Nuclear energy is one such example, which unfortunately manifested into the development of the atomic bomb, two of which were dropped on my country in 1945. Humanity may be good at innovation, but the innovation could serve not only for the betterment of our race but also towards harmful uses.

    Organovo reminded me of the work being done by futurist Ray Kurzweil (see: While I believe he has been overall quite accurate in his predictions of the types of innovations that we expect to see and share some of his enthusiasm for what’s to come, I am wary of society not keeping apace of the ethical boundaries that we need to consider as we mull the impact of these innovations upon our society.

  7. Very interesting topic. I think however that the choice of manufacturing process (i.e. 3-D printing vs. traditional manufacturing techniques) largely has nothing to do with the underlying issue here, which is that scientific advancements have allowed for the production of life-like organs on which useful experiments can be run. In fact, given that one of the key issues with AM (at this point in time) is a limited set of “printable” materials, perhaps we are unable use material which might more closely resemble human tissue. It would be ironic if AM were actually constraining the otherwise groundbreaking technology of developing and utilizing artificial organs.

  8. Bioprinting has made remarkable progress in recent years, with Organovo making faster strides in the engineering of solid organs than many had predicted (1).

    As Alexandre mentions, the rate of progress may have exceeded the ethical and regulatory frameworks concerning bioprinting. Artificial organs and tissues offer numerous benefits such as reduced use of animal testing, greater success in clinical trials, personalized drug testing and disease modelling (2). With this comes a number of ethical considerations in the use of living cells.

    With regards to neural tissue bioprinting, the long-term applications are more likely to be for tissue insertions to facilitate repair of the CNS (regeneration or replacement of damaged cells) from neurodegenerative or traumatic injuries (3), rather than whole lobe or brain transplants.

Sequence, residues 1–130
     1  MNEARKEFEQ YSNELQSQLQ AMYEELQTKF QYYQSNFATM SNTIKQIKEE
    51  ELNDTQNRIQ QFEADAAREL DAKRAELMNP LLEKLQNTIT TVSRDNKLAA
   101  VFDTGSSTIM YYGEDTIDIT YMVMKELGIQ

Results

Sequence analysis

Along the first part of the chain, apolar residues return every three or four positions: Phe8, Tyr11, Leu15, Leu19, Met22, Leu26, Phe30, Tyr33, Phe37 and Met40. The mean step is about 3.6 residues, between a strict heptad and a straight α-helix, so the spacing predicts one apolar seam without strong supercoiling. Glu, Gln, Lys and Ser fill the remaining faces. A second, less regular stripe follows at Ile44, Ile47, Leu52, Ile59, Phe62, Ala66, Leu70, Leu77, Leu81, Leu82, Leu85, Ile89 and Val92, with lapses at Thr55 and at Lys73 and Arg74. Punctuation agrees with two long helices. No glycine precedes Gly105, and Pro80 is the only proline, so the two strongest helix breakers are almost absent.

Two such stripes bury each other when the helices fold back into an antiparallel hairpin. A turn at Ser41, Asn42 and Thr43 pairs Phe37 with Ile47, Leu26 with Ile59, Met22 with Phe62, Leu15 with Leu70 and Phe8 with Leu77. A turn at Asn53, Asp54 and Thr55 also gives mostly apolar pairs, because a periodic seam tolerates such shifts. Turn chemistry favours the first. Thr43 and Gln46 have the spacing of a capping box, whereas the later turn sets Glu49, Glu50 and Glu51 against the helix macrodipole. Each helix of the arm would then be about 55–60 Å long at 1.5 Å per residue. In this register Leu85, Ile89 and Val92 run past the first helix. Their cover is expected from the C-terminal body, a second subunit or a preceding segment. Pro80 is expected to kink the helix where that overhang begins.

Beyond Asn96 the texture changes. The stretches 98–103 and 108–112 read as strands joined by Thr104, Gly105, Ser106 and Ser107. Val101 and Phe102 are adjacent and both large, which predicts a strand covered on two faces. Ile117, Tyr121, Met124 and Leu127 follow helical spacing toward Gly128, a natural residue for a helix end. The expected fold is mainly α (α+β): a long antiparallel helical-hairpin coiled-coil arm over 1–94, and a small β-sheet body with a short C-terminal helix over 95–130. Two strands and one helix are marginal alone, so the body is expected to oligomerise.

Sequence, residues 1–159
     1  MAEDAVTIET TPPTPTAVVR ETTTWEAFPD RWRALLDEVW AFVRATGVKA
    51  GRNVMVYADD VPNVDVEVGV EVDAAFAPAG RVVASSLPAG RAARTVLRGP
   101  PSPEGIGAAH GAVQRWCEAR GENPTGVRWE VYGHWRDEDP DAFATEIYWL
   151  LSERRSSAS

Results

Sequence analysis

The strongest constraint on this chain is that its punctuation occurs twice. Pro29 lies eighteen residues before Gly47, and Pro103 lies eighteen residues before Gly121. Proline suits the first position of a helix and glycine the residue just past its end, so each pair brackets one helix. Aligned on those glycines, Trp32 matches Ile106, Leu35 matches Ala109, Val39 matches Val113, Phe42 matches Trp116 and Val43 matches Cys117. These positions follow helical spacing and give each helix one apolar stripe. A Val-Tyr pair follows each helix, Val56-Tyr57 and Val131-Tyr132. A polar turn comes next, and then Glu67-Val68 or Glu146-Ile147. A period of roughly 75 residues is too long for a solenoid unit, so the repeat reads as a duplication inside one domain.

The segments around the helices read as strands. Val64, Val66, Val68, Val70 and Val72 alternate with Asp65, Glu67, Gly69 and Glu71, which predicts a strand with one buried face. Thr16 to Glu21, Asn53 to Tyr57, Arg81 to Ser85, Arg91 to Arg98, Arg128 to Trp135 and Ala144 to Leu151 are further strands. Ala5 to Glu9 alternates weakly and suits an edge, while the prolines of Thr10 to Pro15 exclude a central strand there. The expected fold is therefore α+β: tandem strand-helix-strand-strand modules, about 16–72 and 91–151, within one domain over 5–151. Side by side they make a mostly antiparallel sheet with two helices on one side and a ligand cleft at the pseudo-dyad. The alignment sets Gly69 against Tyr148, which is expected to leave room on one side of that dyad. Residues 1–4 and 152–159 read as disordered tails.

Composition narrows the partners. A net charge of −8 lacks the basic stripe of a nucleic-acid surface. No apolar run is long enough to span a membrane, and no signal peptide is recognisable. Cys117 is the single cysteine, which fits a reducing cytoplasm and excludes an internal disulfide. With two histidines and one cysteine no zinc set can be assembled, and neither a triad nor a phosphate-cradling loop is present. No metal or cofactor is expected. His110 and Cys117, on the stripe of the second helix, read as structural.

With regards to the ethics of such treatment and specifically its impact on personal identity, it is important to consider the relationship between the anatomical structure of the brain, i.e. its structural identity, and its neurophysiological and psychological functions, i.e. its functional identity. Specifically, structural brain identity does not necessarily imply functional identity and vice versa. As an example, patients can suffer severe anatomical lesions without detectable functional alterations. Conversely, there are diseases of “functional identity”, which – at least as of yet – have no identifiable structural cause, such as certain psychiatric disorders (4).

    Within this context, I think that the emphasis should be on accelerating the development of these technologies with the promise of much benefit in the near term. It is important to ensure an appropriate framework to deal with the more pressing ethical challenges such as access issues and stem cell management. Managing some of the media hype and more far-fetched considerations will help the public to understand the value of these advances.

    1. Murphy SV, Atala A. 3D bioprinting of tissues and organs. Nat Biotechnol. 2014;32(8):773.
    2. Ong CS, Yesantharao P, Huang CY, Mattson G, Boktor J, Fukunishi T, et al. 3D bioprinting using stem cells. Pediatr Res. 2018 Jan;83(1–2):223–31.
    3. Hsieh F-Y, Lin H-H, Hsu S. 3D bioprinting of neural stem cell-laden thermoresponsive biodegradable polyurethane hydrogel and potential in central nervous system repair. Biomaterials. 2015 Dec 1;71:48–57.
    4. Northoff G. Do brain tissue transplants alter personal identity? Inadequacies of some “standard” arguments. J Med Ethics. 1996 Jun 1;22(3):174–80.